Rule of Capture
by Christopher Brown
Harper Voyager, 2019
In “Rule of Capture,” Christopher Brown’s second novel, we meet Donny Kimoe, a Houston lawyer reliant on court appointments for defense work and a regular habit of uppers for productivity. He is assigned to Xelina Rocafuerte, a young Latina on trial for terrorism charges; she’s actually a journalist silenced for political purposes. Kimoe, in pursuit of justice, tears through the murky underworld of a chaotic, near-future Houston: a world in which America recently lost a war to China, a Harvey-like superstorm is an excuse for martial law, and the incumbent president prefers to stay in power following a contested election. The story unfolds during this tense interregnum.
Kimoe is sharp and fiercely independent. He quickly detects a cover-up in Rocafuerte’s case and begins pulling at the threads. Shady business dealings are unearthed in the Evacuation Zone southeast of Houston near the port, an area quarantined after the last hurricane and sold off to private interests. Kimoe learns that Rocafuerte witnessed the murder of Gregorio Zarate-Taylor, a promising Houston city council member who hoped to establish an “edenic post-racial eco-Texatopia.” Her camera caught the event on tape. But who were his murderers? During his investigation, Kimoe enters an eclectic assembly of Houstonians — colleagues from his former law firm, judges, drug dealers, hired guns, and radio show hosts, among others — and Joyce, his ex-girlfriend, a liberal gun-toting professor at Rice. It becomes clear that Rocafuerte’s case exposes much larger criminal movements, and her and Kimoe’s fate are swept up in those tides.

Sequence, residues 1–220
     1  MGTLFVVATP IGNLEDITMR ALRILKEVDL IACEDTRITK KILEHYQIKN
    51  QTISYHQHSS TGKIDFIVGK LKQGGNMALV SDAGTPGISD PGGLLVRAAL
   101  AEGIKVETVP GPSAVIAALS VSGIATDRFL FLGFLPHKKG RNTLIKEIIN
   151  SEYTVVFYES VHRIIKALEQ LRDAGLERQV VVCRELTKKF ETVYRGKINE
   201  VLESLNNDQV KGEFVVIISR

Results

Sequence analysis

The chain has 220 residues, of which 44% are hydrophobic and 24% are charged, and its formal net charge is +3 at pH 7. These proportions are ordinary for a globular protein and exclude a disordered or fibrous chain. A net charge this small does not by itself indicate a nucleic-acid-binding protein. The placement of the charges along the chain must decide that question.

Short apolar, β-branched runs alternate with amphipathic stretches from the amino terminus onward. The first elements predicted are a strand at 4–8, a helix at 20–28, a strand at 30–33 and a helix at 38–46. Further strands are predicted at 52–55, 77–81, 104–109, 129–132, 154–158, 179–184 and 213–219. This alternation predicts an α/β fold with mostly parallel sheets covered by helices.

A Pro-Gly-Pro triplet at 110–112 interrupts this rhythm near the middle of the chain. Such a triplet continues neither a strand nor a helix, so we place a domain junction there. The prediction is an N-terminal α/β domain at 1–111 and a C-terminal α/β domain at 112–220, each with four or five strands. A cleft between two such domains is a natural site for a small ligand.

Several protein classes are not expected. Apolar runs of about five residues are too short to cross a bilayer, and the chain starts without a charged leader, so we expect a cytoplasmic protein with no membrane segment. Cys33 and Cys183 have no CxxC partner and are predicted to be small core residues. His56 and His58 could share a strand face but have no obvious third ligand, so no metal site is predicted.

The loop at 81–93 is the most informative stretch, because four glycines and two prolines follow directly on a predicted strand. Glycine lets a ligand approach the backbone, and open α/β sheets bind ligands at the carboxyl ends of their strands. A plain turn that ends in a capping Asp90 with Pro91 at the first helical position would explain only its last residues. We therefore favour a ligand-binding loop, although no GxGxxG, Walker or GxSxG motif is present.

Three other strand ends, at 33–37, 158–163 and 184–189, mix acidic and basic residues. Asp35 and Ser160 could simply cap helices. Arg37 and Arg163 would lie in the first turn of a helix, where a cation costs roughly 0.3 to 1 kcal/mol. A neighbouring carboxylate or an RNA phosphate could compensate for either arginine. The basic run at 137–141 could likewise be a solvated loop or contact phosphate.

Brown’s colorful, noir-style language allows the reader to devour the book, in a good way. The short chapters fly by — everything moves fast. There’s some masterful anti-dramatic irony, with the characters launching into their plans long before one can discern their arcs. The tone is variably punky, with lengthy anarchist soapboxes offset by whip-smart exchanges that spur action.
A lightly fictionalized Houston plays a major role. Those who know the city will take pleasure in imagining the story unfolding in familiar-ish places. Kimoe’s office is an abandoned bank on Bissonnet Street, “eleven hundred square feet of corner lot brutalism that used concrete forms to hide the bankers from the sunlight”; one afternoon he works furiously in “an ancient office services place in a run-down 1980s building on Milam Street.” Brown’s antihero clambers through culverts, creeks, golf courses, private freeways, a nightclub called Detention, an abandoned apartment complex, a gated community turned refugee housing, and the innards of a downtown federal courthouse. Brown stages Houston in all its motley glory. He summarizes:
Houston was a city built on a swamp…. Most of the homesites along the bayou were empty now, the idea of their occupancy ceded to the inevitability of the next flood…. The best of those were beautiful lattices of fractal steel rising up out of ferally landscaped tropical foliage, the kind of innovation Houston’s zoning-free development culture fostered, beautiful and also sad in the message they sent about what was coming. The banks were behind it all, keen to believe in a viable future for the business of asset-backed securitization.